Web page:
Hackers have exploited a flaw in a widely-used app that warns of missile attacks against Israel to send a fake alert that a nuclear strike is imminent.
The AnonGhost hacktivist group said on its Telegram channel that it had managed to breach the "Red Alert" app to send a warning that "The Nuclear Bomb is coming" and distribute notifications saying "death to Israel."
Some of the fake alerts were accompanied by a swastika.
According to security researchers, the hackers found a way to exploit a weakness in an API used by Red Alert, in order to spam out their own messages to users of the app. The hackers also claimed that their attack left users' phones "disconnected from the internet" and that users' devices were left "broken" and would have to be replaced by a new phone - although this appears unlikely to be accurate.
Bogus missile alert notifications are no laughing matter, of course, particularly for Israeli citizens are reeling in the wake of a major attack on their country by Hamas.
A few years ago we saw the hysteria caused when residents of Hawaii received an emergency alert on their phones about a missile heading in their direction and urging to take immediate shelter. That, of course, turned out to be a false alarm caused by dreadful user interface design.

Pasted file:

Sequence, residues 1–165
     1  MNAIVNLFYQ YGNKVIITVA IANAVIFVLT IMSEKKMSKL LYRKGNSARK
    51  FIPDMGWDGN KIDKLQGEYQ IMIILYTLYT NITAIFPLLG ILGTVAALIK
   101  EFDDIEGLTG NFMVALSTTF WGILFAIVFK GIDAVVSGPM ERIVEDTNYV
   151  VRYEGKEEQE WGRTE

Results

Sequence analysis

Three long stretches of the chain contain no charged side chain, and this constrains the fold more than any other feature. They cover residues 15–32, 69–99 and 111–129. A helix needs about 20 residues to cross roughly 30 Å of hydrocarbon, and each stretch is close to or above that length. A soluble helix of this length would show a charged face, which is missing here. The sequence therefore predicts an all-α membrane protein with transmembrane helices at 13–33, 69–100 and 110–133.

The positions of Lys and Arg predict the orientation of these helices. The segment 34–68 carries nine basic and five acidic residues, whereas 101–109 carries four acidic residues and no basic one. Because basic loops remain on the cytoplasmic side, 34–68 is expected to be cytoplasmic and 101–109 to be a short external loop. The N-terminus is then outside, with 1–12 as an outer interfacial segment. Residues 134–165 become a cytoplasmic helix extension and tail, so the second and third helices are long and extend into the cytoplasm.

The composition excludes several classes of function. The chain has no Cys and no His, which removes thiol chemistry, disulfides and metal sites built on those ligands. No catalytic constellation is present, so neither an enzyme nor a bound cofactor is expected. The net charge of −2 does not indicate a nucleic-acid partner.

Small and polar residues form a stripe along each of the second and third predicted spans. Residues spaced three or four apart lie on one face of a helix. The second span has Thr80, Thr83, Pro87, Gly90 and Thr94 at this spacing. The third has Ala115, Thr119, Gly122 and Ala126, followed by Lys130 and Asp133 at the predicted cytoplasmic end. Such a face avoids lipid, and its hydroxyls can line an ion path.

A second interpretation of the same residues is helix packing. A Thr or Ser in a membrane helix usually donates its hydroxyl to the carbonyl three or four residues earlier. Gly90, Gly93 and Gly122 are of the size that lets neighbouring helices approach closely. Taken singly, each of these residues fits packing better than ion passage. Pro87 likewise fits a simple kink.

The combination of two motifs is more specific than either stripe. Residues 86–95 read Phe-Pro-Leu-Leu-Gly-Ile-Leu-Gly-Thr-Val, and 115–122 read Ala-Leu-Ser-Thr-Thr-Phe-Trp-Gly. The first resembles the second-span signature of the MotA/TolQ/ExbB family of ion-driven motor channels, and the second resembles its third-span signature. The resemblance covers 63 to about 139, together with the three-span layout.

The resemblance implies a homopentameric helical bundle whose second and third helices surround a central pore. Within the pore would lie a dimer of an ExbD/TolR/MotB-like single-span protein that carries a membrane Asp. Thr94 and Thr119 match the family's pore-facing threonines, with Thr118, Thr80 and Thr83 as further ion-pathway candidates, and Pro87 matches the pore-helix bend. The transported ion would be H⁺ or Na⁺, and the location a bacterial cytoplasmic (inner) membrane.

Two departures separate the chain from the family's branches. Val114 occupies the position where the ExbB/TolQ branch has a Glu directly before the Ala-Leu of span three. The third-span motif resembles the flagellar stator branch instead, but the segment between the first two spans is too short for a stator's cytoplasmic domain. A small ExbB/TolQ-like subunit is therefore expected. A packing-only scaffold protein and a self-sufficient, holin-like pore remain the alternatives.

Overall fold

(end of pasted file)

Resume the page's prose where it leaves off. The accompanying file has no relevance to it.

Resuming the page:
The "Red Alert: Israel" app, developed initially by Kobi Snir over ten years ago following shelling from the Gaza Strip to provide real-time missile warnings, has been downloaded over a million times by Android and iOS users. The app is, understandably, particularly popular in Israel, helping it to currently rank as the 15th most popular of all apps on the iOS App Store.
Posting on Telegram, AnonGhost hacktivist group said that it would "never remain silent".
In other news, the website of the Jerusalem Post was knocked offline for a period of time on Monday morning after suffering what it described as "an ongoing cyberattack."
In a separate incident, the pro-Russian KillNet cybercrime gang which has previous targeted the US Treasury, US airlines, internet services in Crimea, and even the Eurovision Song Contest, amongst many others, appeared to have defaced the official website of the Israeli government.
The current conflict between Israel and Hamas has clearly spilled out into the digital realm - if only it would stay there rather than put thousands of innocent lives in peril.